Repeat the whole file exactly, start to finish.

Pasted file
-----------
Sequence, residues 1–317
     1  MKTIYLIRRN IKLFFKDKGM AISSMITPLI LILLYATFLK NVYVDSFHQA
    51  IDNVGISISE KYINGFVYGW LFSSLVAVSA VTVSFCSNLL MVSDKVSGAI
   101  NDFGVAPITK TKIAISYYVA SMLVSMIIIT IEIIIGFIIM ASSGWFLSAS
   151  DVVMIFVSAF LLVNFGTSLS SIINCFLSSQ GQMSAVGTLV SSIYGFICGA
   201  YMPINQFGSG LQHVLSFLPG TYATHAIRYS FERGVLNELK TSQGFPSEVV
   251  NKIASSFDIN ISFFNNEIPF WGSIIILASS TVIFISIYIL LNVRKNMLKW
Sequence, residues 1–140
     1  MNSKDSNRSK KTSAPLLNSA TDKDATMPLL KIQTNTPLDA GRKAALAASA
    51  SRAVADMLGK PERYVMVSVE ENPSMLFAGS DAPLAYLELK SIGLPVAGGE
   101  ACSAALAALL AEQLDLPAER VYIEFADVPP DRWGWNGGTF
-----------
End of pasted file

Sequence, residues 1–317
     1  MKTIYLIRRN IKLFFKDKGM AISSMITPLI LILLYATFLK NVYVDSFHQA
    51  IDNVGISISE KYINGFVYGW LFSSLVAVSA VTVSFCSNLL MVSDKVSGAI
   101  NDFGVAPITK TKIAISYYVA SMLVSMIIIT IEIIIGFIIM ASSGWFLSAS
   151  DVVMIFVSAF LLVNFGTSLS SIINCFLSSQ GQMSAVGTLV SSIYGFICGA
   201  YMPINQFGSG LQHVLSFLPG TYATHAIRYS FERGVLNELK TSQGFPSEVV
   251  NKIASSFDIN ISFFNNEIPF WGSIIILASS TVIFISIYIL LNVRKNMLKW
Sequence, residues 1–140
     1  MNSKDSNRSK KTSAPLLNSA TDKDATMPLL KIQTNTPLDA GRKAALAASA
    51  SRAVADMLGK PERYVMVSVE ENPSMLFAGS DAPLAYLELK SIGLPVAGGE
   101  ACSAALAALL AEQLDLPAER VYIEFADVPP DRWGWNGGTF